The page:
trump, there were no republicans who voted in support of it. you now have prominent republicans, including house number three liz cheney, saying that she would vote to impeach trump, and that may give political cover to other republicans to do the same. francine: stephanie, thank you so much, our senior writer covering the white house, stephanie baker. coming up, much more on the historic week in washington. we will have more on not only what mitch mcconnell will do next, but we will have more on security surrounding inauguration day. this is bloomberg. ♪ this is bloomberg. ♪
now let's get straight to the bloomberg business flash, here's leigh-ann gerrans. hi, leigh-ann. leigh-ann: hi, francine. unicredit is narrowing its search for the new ceo. "the financial times" is reporting to of europe's top bankers. the paper reports the bank's board will likely make its decision in the next four weeks. faces a tighter timetable after ceo jean-pierre mustier resigned. casting doubts on predictions of markets. bitcoin hit a record of almost 32,000 dollars on january 8. since then, it has mostly slumped, hitting a low of around 30,000. and a canadian convenience store is exploring buying a french grocer. it would be a strategy for the firm, which is focused on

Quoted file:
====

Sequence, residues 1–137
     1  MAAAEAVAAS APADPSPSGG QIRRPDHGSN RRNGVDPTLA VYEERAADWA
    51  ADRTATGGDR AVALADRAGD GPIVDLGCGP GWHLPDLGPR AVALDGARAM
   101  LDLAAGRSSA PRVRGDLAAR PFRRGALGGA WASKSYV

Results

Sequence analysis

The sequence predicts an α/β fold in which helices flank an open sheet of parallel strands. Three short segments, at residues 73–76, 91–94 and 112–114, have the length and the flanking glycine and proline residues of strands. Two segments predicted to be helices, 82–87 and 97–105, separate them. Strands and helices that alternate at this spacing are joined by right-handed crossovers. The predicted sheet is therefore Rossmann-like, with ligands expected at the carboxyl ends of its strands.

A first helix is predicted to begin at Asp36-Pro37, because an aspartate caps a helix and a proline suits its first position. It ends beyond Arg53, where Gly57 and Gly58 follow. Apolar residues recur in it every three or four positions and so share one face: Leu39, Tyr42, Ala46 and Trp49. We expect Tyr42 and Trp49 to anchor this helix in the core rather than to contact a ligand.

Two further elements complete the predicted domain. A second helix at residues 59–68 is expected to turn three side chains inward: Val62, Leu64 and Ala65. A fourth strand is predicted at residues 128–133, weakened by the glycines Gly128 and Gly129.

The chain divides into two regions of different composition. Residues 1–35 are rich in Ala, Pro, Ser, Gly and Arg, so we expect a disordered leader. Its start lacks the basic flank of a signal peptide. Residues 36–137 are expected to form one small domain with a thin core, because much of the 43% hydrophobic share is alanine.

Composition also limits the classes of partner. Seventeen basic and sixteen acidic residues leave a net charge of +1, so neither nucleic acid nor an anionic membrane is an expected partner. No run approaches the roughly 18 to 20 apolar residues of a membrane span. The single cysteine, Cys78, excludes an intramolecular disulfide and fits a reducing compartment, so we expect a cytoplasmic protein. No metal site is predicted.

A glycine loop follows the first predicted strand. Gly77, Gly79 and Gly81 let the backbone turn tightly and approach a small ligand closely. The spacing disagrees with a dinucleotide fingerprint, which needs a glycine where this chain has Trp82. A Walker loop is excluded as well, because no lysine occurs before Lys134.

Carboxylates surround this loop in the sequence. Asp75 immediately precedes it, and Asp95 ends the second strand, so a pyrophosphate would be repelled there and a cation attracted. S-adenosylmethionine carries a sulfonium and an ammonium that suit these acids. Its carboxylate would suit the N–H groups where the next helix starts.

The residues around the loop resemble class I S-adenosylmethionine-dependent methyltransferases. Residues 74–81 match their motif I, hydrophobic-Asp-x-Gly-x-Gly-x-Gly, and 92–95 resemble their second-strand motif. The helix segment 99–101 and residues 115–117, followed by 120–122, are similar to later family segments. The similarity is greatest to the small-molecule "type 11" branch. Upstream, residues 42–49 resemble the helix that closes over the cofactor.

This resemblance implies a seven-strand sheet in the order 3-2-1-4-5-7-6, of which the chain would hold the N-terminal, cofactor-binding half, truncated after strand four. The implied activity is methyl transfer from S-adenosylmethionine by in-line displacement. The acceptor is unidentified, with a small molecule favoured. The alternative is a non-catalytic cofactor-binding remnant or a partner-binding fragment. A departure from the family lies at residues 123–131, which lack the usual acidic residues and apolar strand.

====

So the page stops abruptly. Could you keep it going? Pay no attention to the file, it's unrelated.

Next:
smaller stores and gas stations. the deal would help it expand its present share. carrefour operates 700 hypermarkets. and that is your bloomberg business flash. francine? francine: leigh-ann, thank you so much. patrick, a million things going on, and of course the spread between the u.s. two- and the 10-year, but how should things happen on capitol hill and with republicans? patrick: what is happening on capitol hill, i do not think that matters to treasuries, i think what is happening in politics matters, with what is happening with control of the senate and more fiscal spending. that is pushing up that yields as well. i don't think it will happen